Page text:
Lately, it seems as if the policies of progressives are becoming increasingly valuable examples of their underlying beliefs. It’s also increasingly undeniable that they contribute to social division, stark inequality, and an inability of families to improve their lot in life — at least unless government can claim the credit.
Andrew gives one such example in his most recent post analyzing bills being heard in the General Assembly:
H5688: Requires that assigning students to Mayoral Academies be done by a random lottery involving all students in a participating district, with selected students able to opt out if they so choose. (H Health, Education and Welfare; Wed, Apr 1) I’m not sure what’s worse about this bill: the conscious lengths that progressive education reform opponents go to to show that they believe that government and not families should control the lives of children, or the unconscious bias amongst progressive education reform opponents it reveals, that life is just a big lottery that education cannot change..
I’d go a step farther. Such legislation is a frontal assault on the complementary notions that (1) parents have primary responsibility for their children, and (2) that people should be able to advance themselves and their families through their own drive and innovation. The bill sponsors are Tanzi, Naughton, Bennett, Lally, and Regunberg, and what they are implicitly stating is that, if parents can find a way within the government system to secure some advantage for their children (mainly by minimizing the damage that the government will do), then that advantage must be taken away and put in the hands of pure chance.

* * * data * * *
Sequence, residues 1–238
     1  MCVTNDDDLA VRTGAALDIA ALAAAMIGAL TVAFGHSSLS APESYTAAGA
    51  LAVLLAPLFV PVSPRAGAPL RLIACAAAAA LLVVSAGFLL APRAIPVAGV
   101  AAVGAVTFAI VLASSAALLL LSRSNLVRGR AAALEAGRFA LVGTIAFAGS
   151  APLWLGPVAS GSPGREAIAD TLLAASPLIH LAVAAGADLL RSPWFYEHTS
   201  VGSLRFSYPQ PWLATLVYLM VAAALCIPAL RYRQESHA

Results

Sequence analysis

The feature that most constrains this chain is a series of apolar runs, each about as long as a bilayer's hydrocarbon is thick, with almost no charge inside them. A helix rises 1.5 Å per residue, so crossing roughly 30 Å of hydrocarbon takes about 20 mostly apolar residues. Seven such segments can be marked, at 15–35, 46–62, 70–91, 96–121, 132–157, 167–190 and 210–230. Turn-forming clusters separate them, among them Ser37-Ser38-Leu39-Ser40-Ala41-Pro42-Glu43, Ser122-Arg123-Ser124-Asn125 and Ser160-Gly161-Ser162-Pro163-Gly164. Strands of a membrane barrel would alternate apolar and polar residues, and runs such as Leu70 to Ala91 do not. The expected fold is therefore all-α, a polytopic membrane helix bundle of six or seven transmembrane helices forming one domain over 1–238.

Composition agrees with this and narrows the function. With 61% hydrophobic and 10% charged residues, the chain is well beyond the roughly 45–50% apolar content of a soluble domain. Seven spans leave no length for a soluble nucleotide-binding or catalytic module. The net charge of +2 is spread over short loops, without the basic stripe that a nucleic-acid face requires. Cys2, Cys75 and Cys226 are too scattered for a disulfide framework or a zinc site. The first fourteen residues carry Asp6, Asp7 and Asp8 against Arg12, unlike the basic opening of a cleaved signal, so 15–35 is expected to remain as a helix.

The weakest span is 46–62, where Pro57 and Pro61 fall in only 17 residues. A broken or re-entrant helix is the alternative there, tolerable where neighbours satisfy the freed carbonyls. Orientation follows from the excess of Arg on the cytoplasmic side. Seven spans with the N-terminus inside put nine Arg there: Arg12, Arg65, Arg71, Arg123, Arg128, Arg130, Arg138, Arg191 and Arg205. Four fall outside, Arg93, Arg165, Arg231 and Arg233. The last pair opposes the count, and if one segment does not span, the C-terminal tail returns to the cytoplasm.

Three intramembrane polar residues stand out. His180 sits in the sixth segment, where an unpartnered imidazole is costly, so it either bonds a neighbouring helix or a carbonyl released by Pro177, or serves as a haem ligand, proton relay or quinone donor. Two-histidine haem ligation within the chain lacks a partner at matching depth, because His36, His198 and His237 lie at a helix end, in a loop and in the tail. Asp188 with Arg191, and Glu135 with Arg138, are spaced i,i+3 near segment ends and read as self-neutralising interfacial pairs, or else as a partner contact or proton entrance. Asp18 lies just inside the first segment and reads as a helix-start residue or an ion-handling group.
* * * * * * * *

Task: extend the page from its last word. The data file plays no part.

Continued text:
That may mean that the opportunity does not provide the maximum benefit; families that took some initiative in securing placement in a school are more likely to continue their effort than families that had the placement fall in their laps, unrequested. But progressives aren’t about maximizing the well-being of the people. They’re about minimizing the ability of people to differentiate themselves in a way that gives them an advantage.
Of course, the way for families to take such initiative beyond the reach of government (for now) is to find a way to afford private school, and the evidence suggests that Rhode Island families are already leading the nation in taking doing so. On that front, another Rhode Island progressive, Governor Gina Raimondo, is on the attack, too. Rick Snizek writes in the Rhode Island Catholic:
Parents and administrators at Catholic and other non-public schools in Rhode Island are up in arms over Gov. Gina Raimondo’s decision to strike from her proposed budget for the new fiscal year any taxpayer funding for cross-district school busing or assistance in purchasing textbooks through the state’s textbook loan program.
As the article goes on to point out, the most profound effect of this change in policy won’t be to transfer more of the state’s spending burden to wealthy parents. Rather, it will be to stretch the lower-income households that sacrifice to afford private schools, perhaps to the point of breaking their ability to afford the option at all.
Given the current character of the General Assembly, it’s more likely than not that neither of these policies will come to be, but consider the effect if they did: Fewer parents would be able to afford private school, and those willing to put in extra effort to find public school options (short of moving) would be trapped not only in the lottery of families trying to do the same, but with the much worse odds of a district-wide lottery.
The practical consequence of progressive political theory is that only the aristocratic wealthy should have real options. Any families attempting to advance must be kicked back into the water, like the rabble scrabbling to get into the lifeboats from a sinking ship.